It is one of the most recognisable representations of a woman in the history of art, but the Venus de Milo leaves one question unanswered: what exactly was she doing with her arms?
The ancient Greek statue, which was created before 100BC and depicts the goddess of love Aphrodite, was rediscovered in 1820 but the mystery of what her upper limbs looked like and how they were lost has long baffled archaeologists and critics.
Now the American writer Virginia Postrel has worked with artist and 3D sculptor Cosmo Wenman to try to solve the puzzle – with the pair making a convincing case that she was originally depicted spinning thread.
Critics had previously imagined her to be holding a mirror or an apple, or perhaps even cradling a baby. At the turn of the century some artists preferred to interpret her form as a sculpture named Victory, holding a shield on her left thigh – or even using this as a mirror and admiring her own reflection. But the question was never satisfactorily answered.
“She is a puzzle, gazing serenely at something we cannot see, something once held, we assume, by her missing arms,” Ms Postrel said. She worked with Mr Wenman, an expert in 3D printing techniques, to test out her own theory that Venus was spinning yarn, an activity which had an association with sex in Ancient Greece.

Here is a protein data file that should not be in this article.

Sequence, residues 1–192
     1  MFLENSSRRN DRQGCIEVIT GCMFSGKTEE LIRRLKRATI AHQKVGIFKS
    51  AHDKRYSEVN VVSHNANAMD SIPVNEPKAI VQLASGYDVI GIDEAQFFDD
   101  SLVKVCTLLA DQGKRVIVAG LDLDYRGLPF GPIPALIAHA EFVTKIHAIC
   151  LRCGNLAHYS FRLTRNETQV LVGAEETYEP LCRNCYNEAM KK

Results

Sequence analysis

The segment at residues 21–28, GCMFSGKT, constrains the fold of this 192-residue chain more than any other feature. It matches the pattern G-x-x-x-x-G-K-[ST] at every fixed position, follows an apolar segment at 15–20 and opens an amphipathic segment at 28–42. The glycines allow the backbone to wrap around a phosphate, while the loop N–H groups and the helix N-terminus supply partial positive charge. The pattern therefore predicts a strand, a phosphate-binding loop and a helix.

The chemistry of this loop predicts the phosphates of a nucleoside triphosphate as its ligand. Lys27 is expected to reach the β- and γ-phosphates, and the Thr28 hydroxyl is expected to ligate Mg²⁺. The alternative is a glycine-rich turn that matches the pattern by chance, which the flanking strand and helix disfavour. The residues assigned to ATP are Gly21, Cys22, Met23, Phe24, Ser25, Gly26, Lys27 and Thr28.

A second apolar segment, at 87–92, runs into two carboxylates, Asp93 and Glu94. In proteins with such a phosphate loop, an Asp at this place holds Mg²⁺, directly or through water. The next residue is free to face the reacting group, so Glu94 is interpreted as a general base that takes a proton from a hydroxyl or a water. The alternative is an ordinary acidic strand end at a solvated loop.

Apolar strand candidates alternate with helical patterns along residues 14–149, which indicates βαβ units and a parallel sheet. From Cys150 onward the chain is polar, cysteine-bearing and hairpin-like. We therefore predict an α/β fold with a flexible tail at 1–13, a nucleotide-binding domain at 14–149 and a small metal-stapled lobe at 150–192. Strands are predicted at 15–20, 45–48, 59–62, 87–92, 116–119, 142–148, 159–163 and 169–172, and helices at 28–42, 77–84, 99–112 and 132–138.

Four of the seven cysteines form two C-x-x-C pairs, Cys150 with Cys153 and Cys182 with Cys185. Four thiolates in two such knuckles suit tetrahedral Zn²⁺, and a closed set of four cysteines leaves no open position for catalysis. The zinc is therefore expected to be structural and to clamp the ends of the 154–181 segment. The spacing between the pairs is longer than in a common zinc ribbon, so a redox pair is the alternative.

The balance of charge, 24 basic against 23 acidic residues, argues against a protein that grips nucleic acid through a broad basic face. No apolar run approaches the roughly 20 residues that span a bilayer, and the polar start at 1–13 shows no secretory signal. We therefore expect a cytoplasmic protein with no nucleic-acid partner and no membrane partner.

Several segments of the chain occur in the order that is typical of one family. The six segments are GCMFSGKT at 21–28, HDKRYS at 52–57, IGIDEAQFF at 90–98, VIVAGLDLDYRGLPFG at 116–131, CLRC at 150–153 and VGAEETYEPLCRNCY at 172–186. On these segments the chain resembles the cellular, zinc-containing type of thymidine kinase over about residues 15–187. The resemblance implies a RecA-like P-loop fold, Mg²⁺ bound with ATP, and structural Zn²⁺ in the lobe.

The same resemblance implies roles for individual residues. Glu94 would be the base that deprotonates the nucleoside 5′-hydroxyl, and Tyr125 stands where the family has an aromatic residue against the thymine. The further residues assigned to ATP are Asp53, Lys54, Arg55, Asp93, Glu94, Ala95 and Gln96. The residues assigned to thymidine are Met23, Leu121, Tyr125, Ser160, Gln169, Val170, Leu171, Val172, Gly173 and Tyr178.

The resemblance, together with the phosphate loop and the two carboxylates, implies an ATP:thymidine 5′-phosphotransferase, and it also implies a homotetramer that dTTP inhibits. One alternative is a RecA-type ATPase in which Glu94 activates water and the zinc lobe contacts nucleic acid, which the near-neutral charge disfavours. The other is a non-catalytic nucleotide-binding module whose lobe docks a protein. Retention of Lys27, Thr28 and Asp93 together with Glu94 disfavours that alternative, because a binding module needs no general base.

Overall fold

“Greek vases depict prostitutes spinning. It was a productive occupation while waiting for clients,” she said. “A spinning Venus seems theoretically plausible, but would the pose actually work? In the 19th century, a sculptor might have tested the idea with a plaster cast. In the 21st, we have a cheaper, simpler, more versatile option.”
So Mr Wenman recreated the sculpture – complete with arms in a spinning pose – using 3D printing tools. He worked with sketches, ancient images of spinning, a YouTube tutorial on how to drop a spindle and a digital version of the sculpture’s anatomy to extend the existing post.
The project produced the very first 3D digital survey of the world-famous statue, which is now freely available. After a few attempts, a printed plastic model was made, and Mr Wenman also fashioned spinning thread to fall through the statue’s arms.
“I figured that the ball of wool on the distaff would be too heavy to have been made in marble, so I painted it gold as though it were wood, or a hollow, gilded bronze sphere,” he explained. “The thread would probably not have been wool in an actual life-sized statue, so I used a gold chain instead, and carried the gold motif down to the gathered thread of the spindle.”
Ms Postrel conceded that their project did not prove that the Venus de Milo was originally a spinner, but said the results were “convincing”. The modern sculptor agreed: “Spinning thread seems to me to be the only activity that actually requires this odd, specific pose,” Mr Wenman said.
The Venus de Milo, which is generally credited to the Greek artist Alexandros of Antioch, is on permanent display at the Louvre Museum in Paris.
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